Update, 4:57 p.m. ET, 8/5: The Black in Fashion Council has announced that it's now working with 38 different brands to help them make internal changes on diversity and inclusion. The companies who have agreed to participate include talent agencies such as CAA and DNA Models, beauty companies Birchbox and L'Oréal, e-commerce retailers Farfetch, Everlane, and Moda Operandi, and media publications such as Condé Nast and Fashionista. Designers who are on board include the likes of Brandon Maxwell, Prabal Gurung, and Tamara Mellon. (You can see the full list of partners here.)
In the wake of Black Lives Matter protests, individuals in fashion and media are banding together to push for actionable change to help dismantle systemic racism in the fashion industry. It's not enough for brands or organizations to provide lip service on the topic of diversity in the workplace; there has to be trackable accountability, too. The Black in Fashion Council, founded by Lindsay Peoples Wagner (editor in chief of Teen Vogue) and Sandrine Charles (owner of Sandrine Charles Consulting) aims to spearhead and track these changes.
The participating companies will be working with the BIFC and with the Human Rights Campaign for the next three years to "put policies into practice further to demonstrate their commitment to Black employees at all levels." Results on progress and achievements from these partnerships will be presented in a report in fall 2021.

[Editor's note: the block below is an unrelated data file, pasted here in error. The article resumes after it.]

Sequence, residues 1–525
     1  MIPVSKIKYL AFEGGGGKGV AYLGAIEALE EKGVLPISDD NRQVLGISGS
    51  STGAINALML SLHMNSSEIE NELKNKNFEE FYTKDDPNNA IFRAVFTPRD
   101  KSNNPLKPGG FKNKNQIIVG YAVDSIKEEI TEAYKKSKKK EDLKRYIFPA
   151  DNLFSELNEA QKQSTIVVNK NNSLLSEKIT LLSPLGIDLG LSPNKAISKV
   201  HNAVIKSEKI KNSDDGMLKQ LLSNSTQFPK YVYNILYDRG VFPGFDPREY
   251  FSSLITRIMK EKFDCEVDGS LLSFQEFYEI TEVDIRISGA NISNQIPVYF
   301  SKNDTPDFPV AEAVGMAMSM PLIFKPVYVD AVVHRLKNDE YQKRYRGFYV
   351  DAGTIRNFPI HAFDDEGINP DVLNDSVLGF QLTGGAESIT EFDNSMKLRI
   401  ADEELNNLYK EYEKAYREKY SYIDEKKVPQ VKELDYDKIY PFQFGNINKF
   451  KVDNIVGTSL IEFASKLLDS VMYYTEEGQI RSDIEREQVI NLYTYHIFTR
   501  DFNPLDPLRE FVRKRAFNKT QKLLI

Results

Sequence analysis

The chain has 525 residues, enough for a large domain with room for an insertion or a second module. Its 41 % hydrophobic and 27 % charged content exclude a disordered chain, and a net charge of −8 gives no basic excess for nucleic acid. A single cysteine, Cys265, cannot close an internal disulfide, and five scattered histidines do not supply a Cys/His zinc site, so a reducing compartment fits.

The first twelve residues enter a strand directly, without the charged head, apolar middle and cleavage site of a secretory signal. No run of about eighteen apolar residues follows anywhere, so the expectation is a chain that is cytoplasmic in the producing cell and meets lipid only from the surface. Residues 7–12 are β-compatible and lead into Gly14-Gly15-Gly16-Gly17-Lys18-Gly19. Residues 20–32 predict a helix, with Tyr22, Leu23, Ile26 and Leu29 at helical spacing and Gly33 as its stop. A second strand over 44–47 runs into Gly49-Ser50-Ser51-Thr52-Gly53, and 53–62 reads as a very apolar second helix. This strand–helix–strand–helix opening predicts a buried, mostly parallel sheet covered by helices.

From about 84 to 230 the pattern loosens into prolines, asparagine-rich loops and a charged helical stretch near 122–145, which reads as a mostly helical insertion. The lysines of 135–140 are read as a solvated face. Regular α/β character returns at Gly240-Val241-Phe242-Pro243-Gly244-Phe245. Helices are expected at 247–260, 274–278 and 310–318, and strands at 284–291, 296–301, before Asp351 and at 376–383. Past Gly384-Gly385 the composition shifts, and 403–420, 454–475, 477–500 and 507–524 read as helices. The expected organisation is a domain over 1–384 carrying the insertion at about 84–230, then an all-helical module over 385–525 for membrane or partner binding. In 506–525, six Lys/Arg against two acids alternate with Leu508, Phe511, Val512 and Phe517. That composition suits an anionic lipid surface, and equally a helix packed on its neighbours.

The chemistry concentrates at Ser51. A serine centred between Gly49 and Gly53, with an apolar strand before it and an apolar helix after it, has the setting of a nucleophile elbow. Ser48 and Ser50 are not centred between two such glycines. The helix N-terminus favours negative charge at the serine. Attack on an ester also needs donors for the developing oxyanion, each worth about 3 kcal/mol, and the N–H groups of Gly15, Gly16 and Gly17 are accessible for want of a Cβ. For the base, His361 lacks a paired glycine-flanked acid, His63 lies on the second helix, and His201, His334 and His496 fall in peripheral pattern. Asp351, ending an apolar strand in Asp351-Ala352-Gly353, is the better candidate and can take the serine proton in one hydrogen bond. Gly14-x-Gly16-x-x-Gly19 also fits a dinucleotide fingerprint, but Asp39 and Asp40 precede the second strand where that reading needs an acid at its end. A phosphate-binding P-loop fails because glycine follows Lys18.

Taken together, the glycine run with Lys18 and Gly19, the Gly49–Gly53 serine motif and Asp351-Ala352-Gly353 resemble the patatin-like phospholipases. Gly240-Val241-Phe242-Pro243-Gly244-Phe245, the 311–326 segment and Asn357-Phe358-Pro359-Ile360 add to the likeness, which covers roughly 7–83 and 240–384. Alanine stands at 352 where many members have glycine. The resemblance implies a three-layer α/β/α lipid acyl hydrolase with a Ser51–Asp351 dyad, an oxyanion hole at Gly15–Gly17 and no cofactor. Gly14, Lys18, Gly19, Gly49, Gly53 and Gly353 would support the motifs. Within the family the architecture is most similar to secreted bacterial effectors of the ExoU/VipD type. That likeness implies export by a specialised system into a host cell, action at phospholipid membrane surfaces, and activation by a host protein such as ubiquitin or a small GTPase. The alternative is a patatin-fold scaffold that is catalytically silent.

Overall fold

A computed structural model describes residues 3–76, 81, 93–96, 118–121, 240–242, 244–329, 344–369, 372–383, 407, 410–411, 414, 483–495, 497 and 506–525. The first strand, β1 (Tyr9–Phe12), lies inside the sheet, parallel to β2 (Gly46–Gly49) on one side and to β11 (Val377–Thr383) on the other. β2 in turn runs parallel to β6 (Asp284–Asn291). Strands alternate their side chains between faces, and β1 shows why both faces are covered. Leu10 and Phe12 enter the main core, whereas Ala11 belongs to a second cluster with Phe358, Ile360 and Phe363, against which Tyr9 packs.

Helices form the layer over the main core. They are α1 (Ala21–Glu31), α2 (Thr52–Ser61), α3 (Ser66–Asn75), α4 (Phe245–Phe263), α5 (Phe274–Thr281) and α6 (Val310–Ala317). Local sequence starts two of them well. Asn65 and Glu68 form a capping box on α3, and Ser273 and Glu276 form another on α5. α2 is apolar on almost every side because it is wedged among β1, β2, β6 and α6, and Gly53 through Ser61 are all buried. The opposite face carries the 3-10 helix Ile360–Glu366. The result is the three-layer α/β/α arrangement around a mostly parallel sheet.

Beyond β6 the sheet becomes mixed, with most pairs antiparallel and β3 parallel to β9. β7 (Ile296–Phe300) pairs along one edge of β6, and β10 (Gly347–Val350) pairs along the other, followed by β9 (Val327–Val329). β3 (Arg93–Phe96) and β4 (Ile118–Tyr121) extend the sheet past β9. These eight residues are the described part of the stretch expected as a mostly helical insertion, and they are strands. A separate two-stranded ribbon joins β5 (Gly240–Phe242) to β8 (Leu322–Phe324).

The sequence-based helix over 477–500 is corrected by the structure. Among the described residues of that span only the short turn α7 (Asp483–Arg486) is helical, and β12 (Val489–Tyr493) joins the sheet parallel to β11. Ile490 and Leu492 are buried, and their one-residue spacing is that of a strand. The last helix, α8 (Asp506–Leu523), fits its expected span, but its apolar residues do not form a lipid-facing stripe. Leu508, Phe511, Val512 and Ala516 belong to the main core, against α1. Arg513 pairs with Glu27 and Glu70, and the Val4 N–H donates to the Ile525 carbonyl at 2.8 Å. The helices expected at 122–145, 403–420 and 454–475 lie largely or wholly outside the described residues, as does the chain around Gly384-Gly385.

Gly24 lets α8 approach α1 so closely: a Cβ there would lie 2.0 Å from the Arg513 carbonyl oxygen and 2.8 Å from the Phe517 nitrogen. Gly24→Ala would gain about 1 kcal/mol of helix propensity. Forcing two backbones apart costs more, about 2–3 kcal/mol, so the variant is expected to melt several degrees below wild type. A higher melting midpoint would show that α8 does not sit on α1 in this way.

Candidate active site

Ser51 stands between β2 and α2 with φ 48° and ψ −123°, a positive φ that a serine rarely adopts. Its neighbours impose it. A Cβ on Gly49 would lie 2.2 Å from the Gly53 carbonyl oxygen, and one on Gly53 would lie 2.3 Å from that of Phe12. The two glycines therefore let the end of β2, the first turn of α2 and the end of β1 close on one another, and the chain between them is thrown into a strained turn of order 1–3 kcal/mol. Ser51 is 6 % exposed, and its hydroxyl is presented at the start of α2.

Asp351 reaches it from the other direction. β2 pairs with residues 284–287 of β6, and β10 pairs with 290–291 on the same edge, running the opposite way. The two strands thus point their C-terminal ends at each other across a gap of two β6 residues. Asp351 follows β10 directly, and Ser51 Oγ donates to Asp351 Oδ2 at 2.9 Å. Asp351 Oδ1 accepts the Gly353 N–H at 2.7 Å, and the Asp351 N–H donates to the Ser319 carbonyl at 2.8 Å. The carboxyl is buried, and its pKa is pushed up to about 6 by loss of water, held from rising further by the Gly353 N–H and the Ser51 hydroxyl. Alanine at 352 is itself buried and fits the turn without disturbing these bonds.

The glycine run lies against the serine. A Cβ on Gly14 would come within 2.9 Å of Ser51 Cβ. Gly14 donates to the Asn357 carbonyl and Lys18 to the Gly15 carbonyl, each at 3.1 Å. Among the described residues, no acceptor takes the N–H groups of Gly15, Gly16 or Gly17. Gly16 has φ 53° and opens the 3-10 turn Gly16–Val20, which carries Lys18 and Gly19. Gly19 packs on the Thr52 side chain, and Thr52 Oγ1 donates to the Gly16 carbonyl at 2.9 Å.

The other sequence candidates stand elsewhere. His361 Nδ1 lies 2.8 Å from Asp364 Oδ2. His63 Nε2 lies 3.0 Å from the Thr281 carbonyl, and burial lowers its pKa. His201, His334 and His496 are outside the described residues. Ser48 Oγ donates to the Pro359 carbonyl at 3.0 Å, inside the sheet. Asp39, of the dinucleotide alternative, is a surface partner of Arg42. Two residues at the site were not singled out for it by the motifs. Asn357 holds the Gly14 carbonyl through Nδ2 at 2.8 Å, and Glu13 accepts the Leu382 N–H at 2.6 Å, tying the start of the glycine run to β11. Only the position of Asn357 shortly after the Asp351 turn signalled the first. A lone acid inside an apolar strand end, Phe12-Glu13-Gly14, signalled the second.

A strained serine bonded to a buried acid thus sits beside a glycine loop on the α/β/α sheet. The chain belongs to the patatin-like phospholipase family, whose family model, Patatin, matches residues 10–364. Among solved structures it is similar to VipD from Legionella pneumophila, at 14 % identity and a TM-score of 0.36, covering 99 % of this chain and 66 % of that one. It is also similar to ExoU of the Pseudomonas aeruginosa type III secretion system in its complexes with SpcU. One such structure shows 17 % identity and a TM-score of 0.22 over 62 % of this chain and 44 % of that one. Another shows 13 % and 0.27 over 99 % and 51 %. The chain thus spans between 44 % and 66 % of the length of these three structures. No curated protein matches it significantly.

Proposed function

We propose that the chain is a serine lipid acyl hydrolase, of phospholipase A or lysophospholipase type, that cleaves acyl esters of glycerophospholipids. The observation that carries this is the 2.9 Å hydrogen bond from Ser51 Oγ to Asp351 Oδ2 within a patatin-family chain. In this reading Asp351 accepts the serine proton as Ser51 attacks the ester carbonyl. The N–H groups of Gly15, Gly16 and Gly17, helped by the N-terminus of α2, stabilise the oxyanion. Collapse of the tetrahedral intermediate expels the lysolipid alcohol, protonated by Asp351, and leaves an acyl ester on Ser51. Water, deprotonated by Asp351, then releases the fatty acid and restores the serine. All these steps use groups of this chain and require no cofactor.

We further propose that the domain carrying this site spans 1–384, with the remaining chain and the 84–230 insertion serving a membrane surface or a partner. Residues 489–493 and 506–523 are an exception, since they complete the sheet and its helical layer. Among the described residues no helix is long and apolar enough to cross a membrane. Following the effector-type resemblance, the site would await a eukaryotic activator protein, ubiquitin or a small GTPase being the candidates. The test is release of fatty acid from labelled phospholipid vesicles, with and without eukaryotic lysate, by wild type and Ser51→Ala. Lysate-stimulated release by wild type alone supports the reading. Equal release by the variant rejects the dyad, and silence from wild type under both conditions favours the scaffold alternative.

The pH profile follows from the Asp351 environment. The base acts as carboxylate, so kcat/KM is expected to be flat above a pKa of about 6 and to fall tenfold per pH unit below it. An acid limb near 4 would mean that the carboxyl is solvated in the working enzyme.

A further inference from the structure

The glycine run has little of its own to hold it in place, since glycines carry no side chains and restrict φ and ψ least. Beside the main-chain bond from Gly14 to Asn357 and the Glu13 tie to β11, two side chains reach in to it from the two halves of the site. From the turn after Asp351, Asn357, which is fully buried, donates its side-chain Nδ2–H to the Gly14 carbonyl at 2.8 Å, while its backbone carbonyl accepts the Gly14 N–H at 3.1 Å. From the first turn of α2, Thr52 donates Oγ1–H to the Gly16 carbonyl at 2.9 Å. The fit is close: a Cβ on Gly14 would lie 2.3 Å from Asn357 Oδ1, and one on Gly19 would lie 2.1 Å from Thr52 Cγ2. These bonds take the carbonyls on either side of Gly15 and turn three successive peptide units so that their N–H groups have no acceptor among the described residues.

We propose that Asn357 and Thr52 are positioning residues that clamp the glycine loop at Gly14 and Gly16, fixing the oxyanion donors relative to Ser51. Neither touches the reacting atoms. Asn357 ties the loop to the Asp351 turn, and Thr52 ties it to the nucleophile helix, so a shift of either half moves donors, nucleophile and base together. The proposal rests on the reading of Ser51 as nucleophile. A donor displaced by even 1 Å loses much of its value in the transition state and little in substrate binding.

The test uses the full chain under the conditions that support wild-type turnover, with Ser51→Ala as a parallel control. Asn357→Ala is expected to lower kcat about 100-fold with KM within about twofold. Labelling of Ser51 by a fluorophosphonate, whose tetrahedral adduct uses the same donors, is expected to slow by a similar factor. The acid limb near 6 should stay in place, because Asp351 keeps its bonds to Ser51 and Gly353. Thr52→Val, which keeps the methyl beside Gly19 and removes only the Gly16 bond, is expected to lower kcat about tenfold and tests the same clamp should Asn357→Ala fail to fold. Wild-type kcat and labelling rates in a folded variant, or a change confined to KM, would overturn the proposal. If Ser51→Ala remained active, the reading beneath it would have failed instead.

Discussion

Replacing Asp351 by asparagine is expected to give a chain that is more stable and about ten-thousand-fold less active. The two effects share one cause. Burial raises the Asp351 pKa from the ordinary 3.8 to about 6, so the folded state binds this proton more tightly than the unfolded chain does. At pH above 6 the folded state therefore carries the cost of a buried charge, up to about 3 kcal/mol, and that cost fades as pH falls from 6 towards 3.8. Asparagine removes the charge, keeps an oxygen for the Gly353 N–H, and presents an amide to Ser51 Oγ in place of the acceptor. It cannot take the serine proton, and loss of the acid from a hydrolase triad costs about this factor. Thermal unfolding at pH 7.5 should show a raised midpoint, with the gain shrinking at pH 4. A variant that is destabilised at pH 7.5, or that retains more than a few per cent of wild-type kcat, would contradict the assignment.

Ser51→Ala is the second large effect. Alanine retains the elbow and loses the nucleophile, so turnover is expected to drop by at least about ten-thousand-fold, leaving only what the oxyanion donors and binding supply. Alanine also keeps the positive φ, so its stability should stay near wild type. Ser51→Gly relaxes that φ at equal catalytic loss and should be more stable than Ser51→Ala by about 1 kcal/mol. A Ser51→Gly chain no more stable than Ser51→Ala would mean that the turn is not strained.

"The Human Rights Campaign already has a Corporate Equality Index for people with disabilities and the LGBTQ community that companies like Kering are already a part of," Peoples Wagner said to Vogue. "This would be a way to continue to give companies a report card of accountability without them feeling like they’re being shamed into it, and giving them the actual resources of what people are saying they want to see changed." The council will also create a "digital directory of Black fashion and beauty professionals that brands can purchase to assist with diversifying their staffs."
Currently, the Black in Fashion Council is made up of 400 individual stakeholders, but will soon expand to include businesses and other entities the council will partner with. Follow along the council's journey on its Instagram here and read up on the latest materials, below, on how you can be an active ally to the Black community.
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